Editorial
Trump: War Room Under the Storm
Por Milton Merlo
Cornered by social tension and economic collapse, Donald Trump struggles to find a message for November.

Last Thursday, when social protests in the United States were intensifying over the death of George Floyd, President Donald Trump found time to participate for the first time in a meeting of his reelection team. It was a three-hour meeting in Arlington, Virginia, according to journalist Jonathan Swan of Axios.

The composition of that conclave speaks volumes about the upcoming campaign. The first relevant fact is the presence of Nick Ayers, Mike Pence's chief of staff. In the past few weeks, as the image of the Trump government collapsed, the possibility that the president might have to change his running mate for November was becoming apparent in different circles in DC. There was mention of the plan to add a woman or an African American to the ticket. But the presence of Ayers knocks out those speculations. In fact, the meeting outlined a number of proselytizing activities to be led by the vice president.

Another piece of information that has reached the Mexican business community is the presence of Corey Lewandowsky, a territorial operator who has a cyclical relationship with Trump, who has fired him at least twice but he always returns. Lewandowsky is the link between some Mexican magnates and the president of the United States. He was the one who collected discreet contributions for the President's inauguration in 2017.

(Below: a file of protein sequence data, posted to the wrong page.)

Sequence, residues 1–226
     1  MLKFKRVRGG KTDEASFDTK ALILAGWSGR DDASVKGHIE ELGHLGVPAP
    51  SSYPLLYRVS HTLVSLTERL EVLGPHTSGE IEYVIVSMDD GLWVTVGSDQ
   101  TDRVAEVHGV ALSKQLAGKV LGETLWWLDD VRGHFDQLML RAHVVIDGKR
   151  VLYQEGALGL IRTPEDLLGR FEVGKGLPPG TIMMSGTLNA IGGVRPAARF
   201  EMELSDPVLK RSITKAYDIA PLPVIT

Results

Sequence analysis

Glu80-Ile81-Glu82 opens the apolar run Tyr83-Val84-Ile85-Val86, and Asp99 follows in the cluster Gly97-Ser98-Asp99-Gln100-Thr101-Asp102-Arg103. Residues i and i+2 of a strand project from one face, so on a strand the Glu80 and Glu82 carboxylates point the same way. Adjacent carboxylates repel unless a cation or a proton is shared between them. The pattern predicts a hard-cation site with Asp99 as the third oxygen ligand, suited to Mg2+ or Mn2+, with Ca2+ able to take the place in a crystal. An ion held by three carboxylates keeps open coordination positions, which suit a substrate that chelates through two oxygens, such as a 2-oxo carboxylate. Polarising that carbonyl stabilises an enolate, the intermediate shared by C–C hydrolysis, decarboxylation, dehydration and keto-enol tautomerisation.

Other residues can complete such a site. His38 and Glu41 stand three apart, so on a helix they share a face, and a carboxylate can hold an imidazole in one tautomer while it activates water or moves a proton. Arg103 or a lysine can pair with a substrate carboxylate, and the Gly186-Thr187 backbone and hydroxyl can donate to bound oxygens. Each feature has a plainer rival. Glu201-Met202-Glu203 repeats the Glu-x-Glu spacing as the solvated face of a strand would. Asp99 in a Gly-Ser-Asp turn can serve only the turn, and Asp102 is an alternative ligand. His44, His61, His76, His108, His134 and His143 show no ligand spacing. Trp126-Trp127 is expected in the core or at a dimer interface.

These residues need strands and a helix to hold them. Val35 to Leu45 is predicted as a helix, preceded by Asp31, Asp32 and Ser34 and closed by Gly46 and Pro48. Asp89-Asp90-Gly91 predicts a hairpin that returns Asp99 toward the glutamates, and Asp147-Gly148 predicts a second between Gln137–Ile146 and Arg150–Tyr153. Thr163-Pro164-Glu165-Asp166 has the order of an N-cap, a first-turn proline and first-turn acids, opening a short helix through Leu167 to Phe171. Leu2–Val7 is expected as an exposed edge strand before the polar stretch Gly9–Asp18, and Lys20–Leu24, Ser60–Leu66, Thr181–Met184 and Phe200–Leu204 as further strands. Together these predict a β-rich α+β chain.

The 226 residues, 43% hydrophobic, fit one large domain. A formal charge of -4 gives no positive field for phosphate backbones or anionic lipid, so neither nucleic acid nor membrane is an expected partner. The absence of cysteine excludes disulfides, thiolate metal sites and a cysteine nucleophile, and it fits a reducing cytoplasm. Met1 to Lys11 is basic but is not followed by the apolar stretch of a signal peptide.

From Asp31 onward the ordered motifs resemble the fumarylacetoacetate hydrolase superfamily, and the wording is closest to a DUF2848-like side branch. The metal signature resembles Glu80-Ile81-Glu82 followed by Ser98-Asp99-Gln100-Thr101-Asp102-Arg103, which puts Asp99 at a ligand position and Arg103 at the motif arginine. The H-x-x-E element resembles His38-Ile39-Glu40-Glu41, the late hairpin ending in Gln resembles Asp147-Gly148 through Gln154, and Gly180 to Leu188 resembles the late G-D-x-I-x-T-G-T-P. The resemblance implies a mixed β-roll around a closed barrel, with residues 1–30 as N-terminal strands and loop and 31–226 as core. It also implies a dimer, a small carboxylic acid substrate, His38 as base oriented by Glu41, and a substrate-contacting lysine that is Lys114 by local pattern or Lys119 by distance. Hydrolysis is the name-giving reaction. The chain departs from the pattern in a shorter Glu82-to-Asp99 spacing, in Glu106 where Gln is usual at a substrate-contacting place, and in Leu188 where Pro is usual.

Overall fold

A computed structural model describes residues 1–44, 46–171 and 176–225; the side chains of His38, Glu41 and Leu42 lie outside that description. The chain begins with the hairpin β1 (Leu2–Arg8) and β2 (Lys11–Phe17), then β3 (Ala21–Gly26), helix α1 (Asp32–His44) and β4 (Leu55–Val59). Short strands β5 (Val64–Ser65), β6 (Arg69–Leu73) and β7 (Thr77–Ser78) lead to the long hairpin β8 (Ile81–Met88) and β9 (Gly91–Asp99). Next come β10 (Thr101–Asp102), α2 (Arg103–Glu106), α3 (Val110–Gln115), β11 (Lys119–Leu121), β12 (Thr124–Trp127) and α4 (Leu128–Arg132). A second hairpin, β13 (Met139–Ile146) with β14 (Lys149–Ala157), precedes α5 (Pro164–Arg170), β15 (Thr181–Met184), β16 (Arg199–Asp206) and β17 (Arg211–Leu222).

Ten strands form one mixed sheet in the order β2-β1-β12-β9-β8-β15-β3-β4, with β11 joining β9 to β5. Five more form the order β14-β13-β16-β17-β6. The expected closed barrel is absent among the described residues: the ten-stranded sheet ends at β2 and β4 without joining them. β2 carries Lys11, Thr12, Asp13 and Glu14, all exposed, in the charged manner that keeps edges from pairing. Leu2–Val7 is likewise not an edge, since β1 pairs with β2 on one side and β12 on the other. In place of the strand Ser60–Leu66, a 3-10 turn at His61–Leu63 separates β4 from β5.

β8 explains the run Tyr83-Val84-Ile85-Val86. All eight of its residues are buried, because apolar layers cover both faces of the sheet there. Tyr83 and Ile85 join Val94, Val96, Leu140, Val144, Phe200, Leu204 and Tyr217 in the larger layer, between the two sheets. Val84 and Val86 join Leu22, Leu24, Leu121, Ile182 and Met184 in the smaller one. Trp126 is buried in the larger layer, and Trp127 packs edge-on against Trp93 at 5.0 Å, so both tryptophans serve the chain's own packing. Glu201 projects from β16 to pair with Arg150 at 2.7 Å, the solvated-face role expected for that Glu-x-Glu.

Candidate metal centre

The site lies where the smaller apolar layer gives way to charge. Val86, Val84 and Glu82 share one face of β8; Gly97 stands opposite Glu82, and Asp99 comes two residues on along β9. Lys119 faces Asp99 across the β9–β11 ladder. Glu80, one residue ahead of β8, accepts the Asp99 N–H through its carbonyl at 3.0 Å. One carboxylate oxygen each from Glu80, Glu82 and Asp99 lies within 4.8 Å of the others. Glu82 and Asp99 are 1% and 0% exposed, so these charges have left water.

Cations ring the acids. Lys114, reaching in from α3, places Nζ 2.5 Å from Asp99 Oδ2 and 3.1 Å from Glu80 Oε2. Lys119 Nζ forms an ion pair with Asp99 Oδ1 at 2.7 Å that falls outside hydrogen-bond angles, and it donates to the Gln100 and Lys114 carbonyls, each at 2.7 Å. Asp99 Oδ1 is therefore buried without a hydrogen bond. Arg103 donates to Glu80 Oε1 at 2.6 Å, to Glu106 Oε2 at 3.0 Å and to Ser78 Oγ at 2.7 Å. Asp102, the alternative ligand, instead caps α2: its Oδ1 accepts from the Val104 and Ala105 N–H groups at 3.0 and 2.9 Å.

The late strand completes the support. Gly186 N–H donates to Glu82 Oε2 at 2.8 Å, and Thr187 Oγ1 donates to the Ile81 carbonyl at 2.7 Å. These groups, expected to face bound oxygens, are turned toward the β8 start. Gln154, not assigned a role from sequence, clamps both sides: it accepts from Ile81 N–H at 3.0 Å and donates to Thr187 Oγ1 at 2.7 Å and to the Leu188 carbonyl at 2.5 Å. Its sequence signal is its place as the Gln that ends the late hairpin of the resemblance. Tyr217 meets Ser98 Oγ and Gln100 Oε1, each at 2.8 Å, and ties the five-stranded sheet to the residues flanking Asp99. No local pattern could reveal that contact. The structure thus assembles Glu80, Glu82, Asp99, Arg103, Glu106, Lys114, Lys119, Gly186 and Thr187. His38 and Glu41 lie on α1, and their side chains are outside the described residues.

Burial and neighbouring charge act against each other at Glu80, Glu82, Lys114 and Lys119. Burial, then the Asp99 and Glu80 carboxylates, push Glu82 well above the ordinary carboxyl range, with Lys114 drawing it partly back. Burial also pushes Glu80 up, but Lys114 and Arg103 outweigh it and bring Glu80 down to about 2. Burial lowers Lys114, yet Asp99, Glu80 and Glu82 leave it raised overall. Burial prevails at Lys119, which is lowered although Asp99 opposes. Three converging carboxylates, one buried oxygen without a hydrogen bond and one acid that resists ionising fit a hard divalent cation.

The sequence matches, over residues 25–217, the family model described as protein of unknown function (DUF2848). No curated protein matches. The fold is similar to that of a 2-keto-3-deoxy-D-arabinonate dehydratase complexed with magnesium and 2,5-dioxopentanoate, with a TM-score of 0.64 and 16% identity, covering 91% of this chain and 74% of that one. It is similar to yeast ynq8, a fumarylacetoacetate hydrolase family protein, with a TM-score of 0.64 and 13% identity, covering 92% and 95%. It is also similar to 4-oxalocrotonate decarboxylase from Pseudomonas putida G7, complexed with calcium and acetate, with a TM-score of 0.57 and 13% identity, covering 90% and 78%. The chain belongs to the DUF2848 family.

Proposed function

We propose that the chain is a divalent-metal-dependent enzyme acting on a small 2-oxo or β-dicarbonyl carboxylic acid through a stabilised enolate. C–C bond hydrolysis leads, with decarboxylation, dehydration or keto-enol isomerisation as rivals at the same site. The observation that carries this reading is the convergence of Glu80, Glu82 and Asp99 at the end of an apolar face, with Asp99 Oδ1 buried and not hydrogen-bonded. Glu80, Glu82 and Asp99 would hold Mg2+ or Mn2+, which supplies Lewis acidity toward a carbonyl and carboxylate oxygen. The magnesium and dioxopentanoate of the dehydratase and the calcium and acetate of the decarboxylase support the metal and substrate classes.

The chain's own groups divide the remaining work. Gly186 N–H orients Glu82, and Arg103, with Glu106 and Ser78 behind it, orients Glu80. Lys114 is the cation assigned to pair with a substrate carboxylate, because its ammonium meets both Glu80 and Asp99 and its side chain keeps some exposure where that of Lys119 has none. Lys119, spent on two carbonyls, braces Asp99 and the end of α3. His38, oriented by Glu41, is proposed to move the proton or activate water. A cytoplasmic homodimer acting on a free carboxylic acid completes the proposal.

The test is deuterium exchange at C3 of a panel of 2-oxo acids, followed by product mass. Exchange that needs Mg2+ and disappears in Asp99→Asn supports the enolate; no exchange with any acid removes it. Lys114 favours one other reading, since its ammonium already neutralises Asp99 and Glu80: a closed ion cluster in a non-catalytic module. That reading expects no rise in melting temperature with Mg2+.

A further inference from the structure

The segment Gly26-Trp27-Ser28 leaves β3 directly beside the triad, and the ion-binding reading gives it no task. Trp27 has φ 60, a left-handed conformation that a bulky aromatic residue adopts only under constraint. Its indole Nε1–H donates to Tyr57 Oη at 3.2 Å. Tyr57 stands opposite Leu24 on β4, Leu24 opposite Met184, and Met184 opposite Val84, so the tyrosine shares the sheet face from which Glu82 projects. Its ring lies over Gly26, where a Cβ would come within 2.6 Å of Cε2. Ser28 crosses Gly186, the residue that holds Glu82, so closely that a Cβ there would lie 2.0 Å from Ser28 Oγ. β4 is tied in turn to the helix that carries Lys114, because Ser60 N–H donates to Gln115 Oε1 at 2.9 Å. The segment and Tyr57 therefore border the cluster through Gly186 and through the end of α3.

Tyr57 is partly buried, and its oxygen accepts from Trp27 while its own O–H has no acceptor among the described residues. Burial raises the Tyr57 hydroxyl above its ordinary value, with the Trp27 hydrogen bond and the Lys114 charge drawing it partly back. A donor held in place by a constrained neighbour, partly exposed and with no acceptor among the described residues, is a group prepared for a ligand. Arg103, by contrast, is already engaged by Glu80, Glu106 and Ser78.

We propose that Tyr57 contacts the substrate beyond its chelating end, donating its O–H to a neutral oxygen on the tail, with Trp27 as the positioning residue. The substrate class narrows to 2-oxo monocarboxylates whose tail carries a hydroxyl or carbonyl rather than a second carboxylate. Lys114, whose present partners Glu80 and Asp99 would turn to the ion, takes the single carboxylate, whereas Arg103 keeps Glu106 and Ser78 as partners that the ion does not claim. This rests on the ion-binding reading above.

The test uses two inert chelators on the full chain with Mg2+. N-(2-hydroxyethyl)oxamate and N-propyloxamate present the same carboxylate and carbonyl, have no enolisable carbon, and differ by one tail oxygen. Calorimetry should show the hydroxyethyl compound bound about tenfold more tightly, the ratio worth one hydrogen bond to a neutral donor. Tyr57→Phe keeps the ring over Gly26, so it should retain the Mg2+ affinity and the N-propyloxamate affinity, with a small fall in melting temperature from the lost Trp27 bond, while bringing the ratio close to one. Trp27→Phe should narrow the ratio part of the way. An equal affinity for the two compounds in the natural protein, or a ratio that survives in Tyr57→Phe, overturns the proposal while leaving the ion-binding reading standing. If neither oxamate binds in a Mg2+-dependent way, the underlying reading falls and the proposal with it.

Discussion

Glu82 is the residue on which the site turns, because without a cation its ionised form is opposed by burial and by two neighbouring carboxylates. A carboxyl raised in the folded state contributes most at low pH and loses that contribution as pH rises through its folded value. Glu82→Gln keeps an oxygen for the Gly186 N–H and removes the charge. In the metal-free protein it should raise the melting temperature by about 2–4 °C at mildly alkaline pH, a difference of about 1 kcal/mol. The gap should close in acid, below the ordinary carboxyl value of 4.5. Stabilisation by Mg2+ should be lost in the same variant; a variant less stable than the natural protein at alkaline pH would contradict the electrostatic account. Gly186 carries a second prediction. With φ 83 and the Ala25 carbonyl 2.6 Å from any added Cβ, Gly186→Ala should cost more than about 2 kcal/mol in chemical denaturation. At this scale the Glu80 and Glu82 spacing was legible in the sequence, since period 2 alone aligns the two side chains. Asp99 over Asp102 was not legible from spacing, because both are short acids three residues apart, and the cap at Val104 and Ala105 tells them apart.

In terms of polls, Trump has again chosen the consultant Tony Fabrizio, who is in charge of measuring the president's image at the Republican base. Fabrizio was caught up in the Russian interference plot during the 2016 election and had therefore taken a back seat on the presidential inner circle.

At least two major absences from the last election have been reported at these first meetings. Neither Steve Bannon nor Kellyanne Conway are there anymore. This is another important development for Mexico since they were the main promoters of the anti-immigrant discourse during the first campaign. This reinforces the thesis that this time, heading towards November, the "external enemy" will be China, the country that will be singled out as the main culprit of the Covid-19 crisis.

The whole campaign is being run by Brad Parscale, whose actions will be under the constant scrutiny of the media because of the Cambridge Analytica affair. Parscale was in charge of digital communications four years ago and will now take on the role of Conway.

"The real power is fear," Trump told journalist Bob Woodward in a March 2016 interview. The current state of the U.S. is very much in line with that belief. The presidential campaign team will seek to portray Joe Biden as someone who cannot be trusted to recover the economy post-pandemic.

The enigma to be unveiled in the coming election is the extent to which that discourse of fear can penetrate a highly stressed electorate. Four years ago it was effective in a relatively stable country. Now it is being tested in the face of social tension and economic disaster.

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